The “domestic” labor of creation, cleaning up, and caring for people must be embraced and understood as an inseparable part of revolution. David Graeber is an anthropologist and activist who teaches at the University of London. Written in a clear, accessible style with a minimum of academic jargonthis study brings readers behind the scenes of a movement that has changed the terms of debate about world power relations.
Direct Action: An Ethnography
But if nothing else, he helps me to understand why summit riots are so important to so many people, and their political ramifications. As I understand it, it was a long time in the making so I guess they decided it was time to ship it as it was.
Perfect inbetweener when you’re reading up on more dense theory. At the same time, his experiment in the application of ethnographic methods to important ongoing political events is a serious and unique contribution to the field of anthropology, as well as an inquiry into anthropology’s political implications. Sep 16, Tinea rated it it was amazing Shelves: The case study at the center of Direct Action is the organizing and events that led to the one of the most dramatic and militant mass protests in recent years, against the Summit of the Americas What I wanted was basically more of what’s in Debt and Fragments of an Anarchist Anthropology; what this is, instead, is kind of a trip diary of some of Graeber’s activist activities.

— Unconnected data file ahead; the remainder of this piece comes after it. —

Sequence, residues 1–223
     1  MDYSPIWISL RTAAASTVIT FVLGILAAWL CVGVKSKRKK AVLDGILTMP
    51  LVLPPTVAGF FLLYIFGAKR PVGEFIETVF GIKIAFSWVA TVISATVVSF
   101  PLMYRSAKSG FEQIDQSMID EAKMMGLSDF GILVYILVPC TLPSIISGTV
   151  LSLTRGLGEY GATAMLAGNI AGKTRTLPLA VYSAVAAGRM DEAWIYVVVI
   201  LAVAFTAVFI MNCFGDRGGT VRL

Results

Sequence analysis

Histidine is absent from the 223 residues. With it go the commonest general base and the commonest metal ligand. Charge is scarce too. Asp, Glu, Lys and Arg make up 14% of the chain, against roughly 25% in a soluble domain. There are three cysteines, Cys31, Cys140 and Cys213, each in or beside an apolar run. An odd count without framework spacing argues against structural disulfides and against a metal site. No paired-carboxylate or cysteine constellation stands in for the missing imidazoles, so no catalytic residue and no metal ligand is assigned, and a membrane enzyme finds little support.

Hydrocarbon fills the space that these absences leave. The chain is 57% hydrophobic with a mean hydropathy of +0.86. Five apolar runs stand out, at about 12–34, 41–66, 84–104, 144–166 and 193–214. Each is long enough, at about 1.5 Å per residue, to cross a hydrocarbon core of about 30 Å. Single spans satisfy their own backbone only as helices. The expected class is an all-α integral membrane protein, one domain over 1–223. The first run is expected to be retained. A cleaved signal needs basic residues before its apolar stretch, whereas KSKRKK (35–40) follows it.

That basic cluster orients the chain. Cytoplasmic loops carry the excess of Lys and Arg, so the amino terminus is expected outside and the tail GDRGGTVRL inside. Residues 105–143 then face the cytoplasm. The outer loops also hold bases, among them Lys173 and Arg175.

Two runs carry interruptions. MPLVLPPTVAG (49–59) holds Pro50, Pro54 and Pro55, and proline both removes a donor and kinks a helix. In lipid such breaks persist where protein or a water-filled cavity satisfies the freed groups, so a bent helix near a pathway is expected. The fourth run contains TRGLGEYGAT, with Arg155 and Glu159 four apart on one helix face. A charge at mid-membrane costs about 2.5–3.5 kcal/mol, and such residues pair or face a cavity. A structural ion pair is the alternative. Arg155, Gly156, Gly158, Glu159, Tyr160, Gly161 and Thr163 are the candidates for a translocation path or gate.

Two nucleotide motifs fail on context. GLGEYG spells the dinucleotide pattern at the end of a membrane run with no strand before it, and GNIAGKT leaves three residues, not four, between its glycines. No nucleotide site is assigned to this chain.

Then there is a good amount of theory that will probably resonate with most anarchist activists. Feb 26, Andre rated it it was amazing Shelves: You don’t have to agree with everything to be stimulated emotionally and intellectually! Despite being sympathetic to it, being an anarchist himself, he paints the North American anarchist activist community as an inward-looking circle-jerk that’s about as likely to accomplish immediate tiny goals as liberal protesters whose tactics, big talk on the part of anarchists aside, Graeber gives a good sense of what day-to-day anarchist activism in North America looks like, what direct action is, and—probably unintentionally—how anarchist activists reason themselves out of ever doing it.
Moreover, it was feminism that made the crucial leap beyond passive ’68 situationism, waiting for the revolutionary moment to happen, to today’s continual insurrection, the understanding that revolutionary moments much be actively created by the participants: